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What does “Individualized Treatment” Mean?

As you research addiction therapy programs, the term “individualized treatment” comes up a lot. What does this mean exactly? What would an individualized therapy for addiction program look like for you? The Ranch Pennsylvania is here to help you make an informed decision for yourself or a loved one.

Learn more about individualized treatment and addiction therapy programs in the 2015 journal article “The Key to Individualized Addiction Treatment is Comprehensive Assessment and Monitoring of Symptoms and Behavioral Change,” published in Behavioral Sciences.

The different pieces of addiction

Let’s consider the journey of one individual to illustrate the idea of individualized treatment in an addiction therapy program. Mark is 54 years old. Mark started smoking marijuana at the age of 12. His high school years included a lot of drinking and weed. During his 20s, after being academically dismissed from college, Mark started using marijuana daily. At this time, a friend suggested he get some therapy for addiction. Mark denied he had a problem.

For a significant amount of time, he was able to hide this habit from his wife and children. However, when Mark hit his mid-40s, he became very depressed. He maintained his job, but his family life suffered as his drinking increased. Mark started acting like a teenager again. He stayed out all night, dressed differently and started seeing another woman who liked to drink as much he did.

When confronted by his wife, Mark became angry and defiantly told her a little drinking and weed wasn’t anything he couldn’t stop. His wife begged him to get therapy for addiction. By this time, Mark was smoking marijuana three times or more each day and drinking excessively three to four nights each week.

It was Mark’s employer who forced him into seeking inpatient therapy for addiction.

How individualized treatment looks

In addiction treatment, Mark was given a physical almost immediately. Chronic marijuana use had damaged his lungs. He was diagnosed with bronchitis, and his liver was enlarged. Mark was about 25 pounds overweight and had a diet consisting mostly of junk food. He admitted to thinking of suicide nearly every day.

For starters, Mark’s addiction therapy program included some medication for his bronchitis. He spent much of the next few weeks adjusting to life without substances. A dietician created a dietary plan to help Mark’s liver function and replenish the nutrients his body lacked. Treatment for Mark’s depression began with medication and cognitive behavioral therapy.

In individual and group therapy, Mark began to feel stronger. He got honest about his affair. He also broke down when he talked about the ways he disappointed his children. Slowly, Mark began to feel as if a burden was lifting. His secrets were coming to the surface, and the people around him didn’t reject him the way he feared. Therapy for addiction was helping Mark see his own value again.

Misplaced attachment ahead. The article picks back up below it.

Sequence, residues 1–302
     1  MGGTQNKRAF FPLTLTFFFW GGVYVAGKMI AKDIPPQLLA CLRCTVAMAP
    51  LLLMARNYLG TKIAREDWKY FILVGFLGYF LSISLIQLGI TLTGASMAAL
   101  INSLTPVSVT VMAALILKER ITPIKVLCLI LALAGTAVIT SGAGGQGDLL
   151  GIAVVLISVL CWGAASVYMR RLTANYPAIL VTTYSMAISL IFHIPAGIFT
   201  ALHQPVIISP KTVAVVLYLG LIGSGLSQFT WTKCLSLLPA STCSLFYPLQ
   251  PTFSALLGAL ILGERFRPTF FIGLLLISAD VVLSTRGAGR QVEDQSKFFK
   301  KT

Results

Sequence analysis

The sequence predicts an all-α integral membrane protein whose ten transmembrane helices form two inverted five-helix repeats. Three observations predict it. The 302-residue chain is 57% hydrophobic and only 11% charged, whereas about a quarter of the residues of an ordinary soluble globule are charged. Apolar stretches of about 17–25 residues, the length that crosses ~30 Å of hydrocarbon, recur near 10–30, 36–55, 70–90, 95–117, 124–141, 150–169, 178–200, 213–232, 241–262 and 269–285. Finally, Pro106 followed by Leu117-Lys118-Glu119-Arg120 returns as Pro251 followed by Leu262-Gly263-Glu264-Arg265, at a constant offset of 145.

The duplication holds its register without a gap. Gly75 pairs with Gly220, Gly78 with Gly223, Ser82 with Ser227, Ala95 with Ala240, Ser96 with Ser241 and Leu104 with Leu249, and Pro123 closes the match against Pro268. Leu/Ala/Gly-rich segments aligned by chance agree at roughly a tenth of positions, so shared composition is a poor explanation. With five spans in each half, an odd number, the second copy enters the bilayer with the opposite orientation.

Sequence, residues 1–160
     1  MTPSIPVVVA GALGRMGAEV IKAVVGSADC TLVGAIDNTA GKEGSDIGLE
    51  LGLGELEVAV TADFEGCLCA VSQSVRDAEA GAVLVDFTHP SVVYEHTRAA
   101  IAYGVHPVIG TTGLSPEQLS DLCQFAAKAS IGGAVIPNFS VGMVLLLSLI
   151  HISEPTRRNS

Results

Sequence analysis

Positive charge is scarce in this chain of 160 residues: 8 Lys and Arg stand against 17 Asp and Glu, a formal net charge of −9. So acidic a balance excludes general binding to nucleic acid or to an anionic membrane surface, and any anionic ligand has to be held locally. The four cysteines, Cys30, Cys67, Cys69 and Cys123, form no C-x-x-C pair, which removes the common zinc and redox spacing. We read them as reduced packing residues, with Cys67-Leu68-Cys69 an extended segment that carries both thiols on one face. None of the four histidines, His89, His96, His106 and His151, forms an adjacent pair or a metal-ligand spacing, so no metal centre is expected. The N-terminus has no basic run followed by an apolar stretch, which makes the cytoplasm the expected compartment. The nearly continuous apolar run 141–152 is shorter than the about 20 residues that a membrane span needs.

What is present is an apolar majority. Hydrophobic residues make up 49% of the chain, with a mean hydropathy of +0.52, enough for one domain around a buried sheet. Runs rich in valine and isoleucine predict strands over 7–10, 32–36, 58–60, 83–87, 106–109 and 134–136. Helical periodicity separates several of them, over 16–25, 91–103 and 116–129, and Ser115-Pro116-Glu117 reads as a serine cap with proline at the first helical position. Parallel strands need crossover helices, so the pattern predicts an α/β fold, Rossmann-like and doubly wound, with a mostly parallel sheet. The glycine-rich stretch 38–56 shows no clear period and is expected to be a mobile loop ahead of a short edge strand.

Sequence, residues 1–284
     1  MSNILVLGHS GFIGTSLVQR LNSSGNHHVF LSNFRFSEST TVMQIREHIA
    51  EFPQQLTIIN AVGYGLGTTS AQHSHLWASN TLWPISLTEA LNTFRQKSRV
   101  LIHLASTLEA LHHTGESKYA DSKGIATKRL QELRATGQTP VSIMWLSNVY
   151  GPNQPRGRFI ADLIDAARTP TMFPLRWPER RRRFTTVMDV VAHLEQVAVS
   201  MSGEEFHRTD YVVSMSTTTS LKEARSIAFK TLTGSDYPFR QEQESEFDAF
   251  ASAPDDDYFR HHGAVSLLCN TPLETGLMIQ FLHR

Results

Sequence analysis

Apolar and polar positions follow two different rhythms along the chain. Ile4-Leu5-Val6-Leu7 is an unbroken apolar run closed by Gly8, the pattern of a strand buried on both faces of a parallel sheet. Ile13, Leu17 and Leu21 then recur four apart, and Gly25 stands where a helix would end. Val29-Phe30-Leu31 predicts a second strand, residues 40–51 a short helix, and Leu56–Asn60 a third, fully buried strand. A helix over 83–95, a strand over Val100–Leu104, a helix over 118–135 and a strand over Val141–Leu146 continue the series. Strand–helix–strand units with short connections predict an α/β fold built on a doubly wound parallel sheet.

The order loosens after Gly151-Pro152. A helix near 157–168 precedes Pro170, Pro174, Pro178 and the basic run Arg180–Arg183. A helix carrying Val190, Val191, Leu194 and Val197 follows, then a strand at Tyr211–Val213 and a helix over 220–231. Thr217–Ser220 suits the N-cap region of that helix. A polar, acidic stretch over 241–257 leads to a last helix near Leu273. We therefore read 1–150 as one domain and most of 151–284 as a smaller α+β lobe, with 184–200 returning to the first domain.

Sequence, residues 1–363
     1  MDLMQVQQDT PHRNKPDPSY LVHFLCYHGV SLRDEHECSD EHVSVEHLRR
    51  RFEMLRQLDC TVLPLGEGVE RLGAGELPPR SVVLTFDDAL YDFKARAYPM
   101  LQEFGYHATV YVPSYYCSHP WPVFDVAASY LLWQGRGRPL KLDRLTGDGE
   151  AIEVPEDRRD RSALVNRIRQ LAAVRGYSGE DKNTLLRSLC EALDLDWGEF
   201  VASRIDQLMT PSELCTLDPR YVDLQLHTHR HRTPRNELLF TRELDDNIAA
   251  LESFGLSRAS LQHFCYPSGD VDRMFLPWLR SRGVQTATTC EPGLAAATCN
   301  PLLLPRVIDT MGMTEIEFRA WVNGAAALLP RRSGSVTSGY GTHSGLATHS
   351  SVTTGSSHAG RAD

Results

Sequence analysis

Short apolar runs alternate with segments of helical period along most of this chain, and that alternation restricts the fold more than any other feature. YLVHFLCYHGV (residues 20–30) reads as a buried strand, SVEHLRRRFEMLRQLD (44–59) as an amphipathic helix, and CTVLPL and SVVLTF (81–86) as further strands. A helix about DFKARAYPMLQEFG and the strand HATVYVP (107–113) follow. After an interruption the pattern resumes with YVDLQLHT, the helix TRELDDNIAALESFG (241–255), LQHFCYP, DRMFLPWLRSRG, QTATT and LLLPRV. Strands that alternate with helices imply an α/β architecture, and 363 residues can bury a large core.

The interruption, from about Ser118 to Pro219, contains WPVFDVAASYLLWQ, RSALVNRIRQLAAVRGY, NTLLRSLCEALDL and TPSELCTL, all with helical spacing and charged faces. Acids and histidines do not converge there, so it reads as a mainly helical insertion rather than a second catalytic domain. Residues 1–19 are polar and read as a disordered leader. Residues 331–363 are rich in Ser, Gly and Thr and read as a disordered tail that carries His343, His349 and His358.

Mark also learned how to manage some of his depression symptoms with yoga and meditation.

For more information about holistic therapies like yoga, massage, art therapy, and more, read “Explore Holistic Therapies in Addiction Treatment,” published in the journal Addiction Professional.

During the family program, Mark told his wife of the affair. His support team recommended 12-step meetings for the loved ones of addicts. In addition, Mark’s wife was referred to an individual therapist.

Mark’s aftercare program included Alcoholics Anonymous (AA) meetings, individual therapy, plus family and couples’ therapy. He was also referred to a medical doctor specializing in addiction recovery. His liver function was monitored, along with his diet and overall health. For the first time in years, Mark started jogging again.

A unique plan made for you

Mark’s therapy for addiction included a holistic assessment of his medical health, diet, relationships and mental health. His addiction therapy program covered a range of health issues. When he left treatment, these pieces of his life, including a spiritual element, were given a structured plan to follow.

Knowing what to expect during your inpatient addiction therapy program helps fend off the fear you may feel. An individualized therapy for addiction program means your thoughts, feelings, experiences, background and health all contribute to the treatment you receive.

At The Ranch Pennsylvania, we want you to have the best individualized treatment experience possible and teach you the tools to live a healthy life afterward. We can help; call us today at 717.969.9126.

 

By Heather Berry

Contributing Writer with Promises Behavioral Health 

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